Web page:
With this in mind, we had a look at some of the biggest tech brands and the meaning behind how they got their names.
Samsung’s first products included dried fish, vegetables, noodles and fruit, although it obviously went on to diversify into a wide range of different industries. Today, it’s best known for smartphones and other consumer electronics, but over the years Samsung has entered the aerospace, insurance and financial industries, among others. It was only in 1987, with the passing of Samung’s founder Lee Byung-chull, that the new CEO (Byung-chull’s son, Kun-Hee Lee) set sights on becoming a top 5 electronics manufacturer.
In fact, in 1865, its first operation was a wood pulp mill at the Tammerkoski Rapids in Finland. In 1868, seeking better water flow, the business opened another mill a few miles away from the town of Nokia on the banks of the Nokianvirta river, which is what inspired the name Nokia in 1871. Clearly, there was no rush for branding back in the late 19th Century.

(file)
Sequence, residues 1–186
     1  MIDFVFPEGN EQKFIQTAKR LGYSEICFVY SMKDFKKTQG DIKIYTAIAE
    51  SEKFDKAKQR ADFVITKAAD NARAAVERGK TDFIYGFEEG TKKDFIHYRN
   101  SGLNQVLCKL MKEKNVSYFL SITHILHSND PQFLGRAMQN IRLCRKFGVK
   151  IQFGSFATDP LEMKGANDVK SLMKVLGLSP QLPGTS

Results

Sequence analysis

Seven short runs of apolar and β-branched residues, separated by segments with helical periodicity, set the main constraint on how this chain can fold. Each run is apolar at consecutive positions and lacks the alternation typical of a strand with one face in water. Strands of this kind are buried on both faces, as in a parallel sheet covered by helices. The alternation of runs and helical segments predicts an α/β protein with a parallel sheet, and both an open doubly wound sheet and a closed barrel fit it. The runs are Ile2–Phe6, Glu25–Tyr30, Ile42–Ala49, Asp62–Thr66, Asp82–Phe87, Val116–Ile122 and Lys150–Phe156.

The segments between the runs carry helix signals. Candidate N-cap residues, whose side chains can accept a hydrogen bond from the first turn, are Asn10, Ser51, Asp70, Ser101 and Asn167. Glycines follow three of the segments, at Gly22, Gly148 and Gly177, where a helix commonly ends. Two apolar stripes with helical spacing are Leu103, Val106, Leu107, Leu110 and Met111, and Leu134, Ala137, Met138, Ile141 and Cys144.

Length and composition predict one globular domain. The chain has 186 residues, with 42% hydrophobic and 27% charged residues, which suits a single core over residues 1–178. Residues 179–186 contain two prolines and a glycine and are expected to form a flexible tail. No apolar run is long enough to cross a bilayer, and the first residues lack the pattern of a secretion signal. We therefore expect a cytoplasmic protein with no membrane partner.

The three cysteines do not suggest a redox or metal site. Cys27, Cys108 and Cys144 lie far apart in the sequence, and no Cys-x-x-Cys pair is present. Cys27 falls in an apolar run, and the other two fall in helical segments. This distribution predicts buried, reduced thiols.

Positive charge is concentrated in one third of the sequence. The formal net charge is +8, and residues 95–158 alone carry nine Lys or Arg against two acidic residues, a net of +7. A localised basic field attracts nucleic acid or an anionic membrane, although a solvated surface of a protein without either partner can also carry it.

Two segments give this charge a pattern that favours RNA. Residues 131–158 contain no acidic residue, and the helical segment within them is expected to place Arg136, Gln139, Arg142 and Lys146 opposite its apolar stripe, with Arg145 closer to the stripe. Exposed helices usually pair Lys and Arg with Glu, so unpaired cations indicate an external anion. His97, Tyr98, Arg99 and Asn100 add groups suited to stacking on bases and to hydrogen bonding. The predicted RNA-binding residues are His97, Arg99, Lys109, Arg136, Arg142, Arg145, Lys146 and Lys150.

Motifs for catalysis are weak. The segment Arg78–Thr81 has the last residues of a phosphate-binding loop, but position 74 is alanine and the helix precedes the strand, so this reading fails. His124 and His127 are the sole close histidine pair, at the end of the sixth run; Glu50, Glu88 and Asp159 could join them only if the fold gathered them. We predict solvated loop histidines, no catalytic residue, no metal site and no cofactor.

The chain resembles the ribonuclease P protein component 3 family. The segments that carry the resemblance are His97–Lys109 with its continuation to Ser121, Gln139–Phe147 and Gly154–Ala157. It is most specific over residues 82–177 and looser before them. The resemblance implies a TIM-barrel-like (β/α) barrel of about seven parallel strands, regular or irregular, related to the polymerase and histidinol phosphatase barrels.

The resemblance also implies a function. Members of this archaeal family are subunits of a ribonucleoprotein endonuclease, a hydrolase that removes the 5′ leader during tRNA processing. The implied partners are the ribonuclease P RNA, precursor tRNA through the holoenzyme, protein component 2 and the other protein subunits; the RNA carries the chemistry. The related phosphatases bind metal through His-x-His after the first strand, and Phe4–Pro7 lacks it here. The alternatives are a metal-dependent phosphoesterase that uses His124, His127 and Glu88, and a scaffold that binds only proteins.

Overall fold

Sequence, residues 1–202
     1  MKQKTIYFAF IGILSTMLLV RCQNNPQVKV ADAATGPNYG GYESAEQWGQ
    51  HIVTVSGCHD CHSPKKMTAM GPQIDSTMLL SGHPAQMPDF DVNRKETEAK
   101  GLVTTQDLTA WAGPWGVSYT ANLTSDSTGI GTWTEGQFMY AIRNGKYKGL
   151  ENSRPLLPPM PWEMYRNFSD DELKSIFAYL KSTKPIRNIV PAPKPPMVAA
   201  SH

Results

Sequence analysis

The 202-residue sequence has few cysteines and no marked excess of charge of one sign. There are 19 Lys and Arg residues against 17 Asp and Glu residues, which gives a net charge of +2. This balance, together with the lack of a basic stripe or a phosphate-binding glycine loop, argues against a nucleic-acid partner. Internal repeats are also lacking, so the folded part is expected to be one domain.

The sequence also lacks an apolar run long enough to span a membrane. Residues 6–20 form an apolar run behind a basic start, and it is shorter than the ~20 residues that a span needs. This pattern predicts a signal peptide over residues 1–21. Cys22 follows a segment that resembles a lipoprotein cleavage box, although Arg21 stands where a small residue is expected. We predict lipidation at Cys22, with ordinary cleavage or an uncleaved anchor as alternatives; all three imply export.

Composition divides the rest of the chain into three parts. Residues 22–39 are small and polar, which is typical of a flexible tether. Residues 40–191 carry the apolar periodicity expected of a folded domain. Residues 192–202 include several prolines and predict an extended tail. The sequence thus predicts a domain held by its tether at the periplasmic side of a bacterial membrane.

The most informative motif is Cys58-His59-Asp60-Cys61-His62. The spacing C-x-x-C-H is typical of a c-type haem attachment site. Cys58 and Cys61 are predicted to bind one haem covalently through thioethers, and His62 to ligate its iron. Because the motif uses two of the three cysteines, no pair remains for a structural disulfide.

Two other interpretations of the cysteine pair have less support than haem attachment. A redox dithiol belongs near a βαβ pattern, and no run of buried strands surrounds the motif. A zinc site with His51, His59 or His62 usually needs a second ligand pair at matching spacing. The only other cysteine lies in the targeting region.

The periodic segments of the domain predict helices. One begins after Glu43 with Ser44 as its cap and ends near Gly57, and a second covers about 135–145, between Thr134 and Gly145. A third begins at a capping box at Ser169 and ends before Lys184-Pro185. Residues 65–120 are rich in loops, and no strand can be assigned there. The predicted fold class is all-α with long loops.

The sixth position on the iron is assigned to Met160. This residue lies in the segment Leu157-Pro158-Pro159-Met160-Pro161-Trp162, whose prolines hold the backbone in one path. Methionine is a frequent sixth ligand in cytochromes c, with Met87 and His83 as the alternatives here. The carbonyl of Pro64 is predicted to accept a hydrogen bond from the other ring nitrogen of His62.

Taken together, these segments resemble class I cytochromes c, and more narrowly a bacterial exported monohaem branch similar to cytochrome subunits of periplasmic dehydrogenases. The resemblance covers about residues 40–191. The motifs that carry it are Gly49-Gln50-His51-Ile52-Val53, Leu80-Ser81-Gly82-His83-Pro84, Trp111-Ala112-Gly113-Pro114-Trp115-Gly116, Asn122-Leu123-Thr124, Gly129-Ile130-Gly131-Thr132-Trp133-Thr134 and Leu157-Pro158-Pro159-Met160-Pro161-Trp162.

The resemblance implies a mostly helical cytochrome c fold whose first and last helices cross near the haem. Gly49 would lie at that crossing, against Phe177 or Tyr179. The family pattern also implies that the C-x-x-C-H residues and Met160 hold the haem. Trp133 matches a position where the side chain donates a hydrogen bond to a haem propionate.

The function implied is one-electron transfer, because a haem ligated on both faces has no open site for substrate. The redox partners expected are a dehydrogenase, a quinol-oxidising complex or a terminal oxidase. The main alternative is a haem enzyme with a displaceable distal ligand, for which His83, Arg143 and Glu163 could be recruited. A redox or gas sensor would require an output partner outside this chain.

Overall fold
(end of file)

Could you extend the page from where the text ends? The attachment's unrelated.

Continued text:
In the video below, a much younger Steve Jobs explains how, when starting out, the company had to file “a fictitious business name statement” for official purposes. Suggestions included things like Matrix Electronics, but Apple Computer was finally settled on, with the proviso that it would become the company name if no one else had any better suggestions before the filing deadline.
So, why Apple? In Jobs’ own words: “Partially because I like Apples a lot and partially because Apple is ahead of Atari in the phonebook and I used to work at Atari”. In 2007,it dropped ‘Computer’ from the name to become just Apple.
Now, the company says it just stands for LG, rather than either Life’s Good or Lucky Goldstar.
In 1997 when the company was founded by H.T. Cho (now chairman) and Cher Wang (now chairwoman) the two decided to use their own initials to form a name – and hence HTC was born.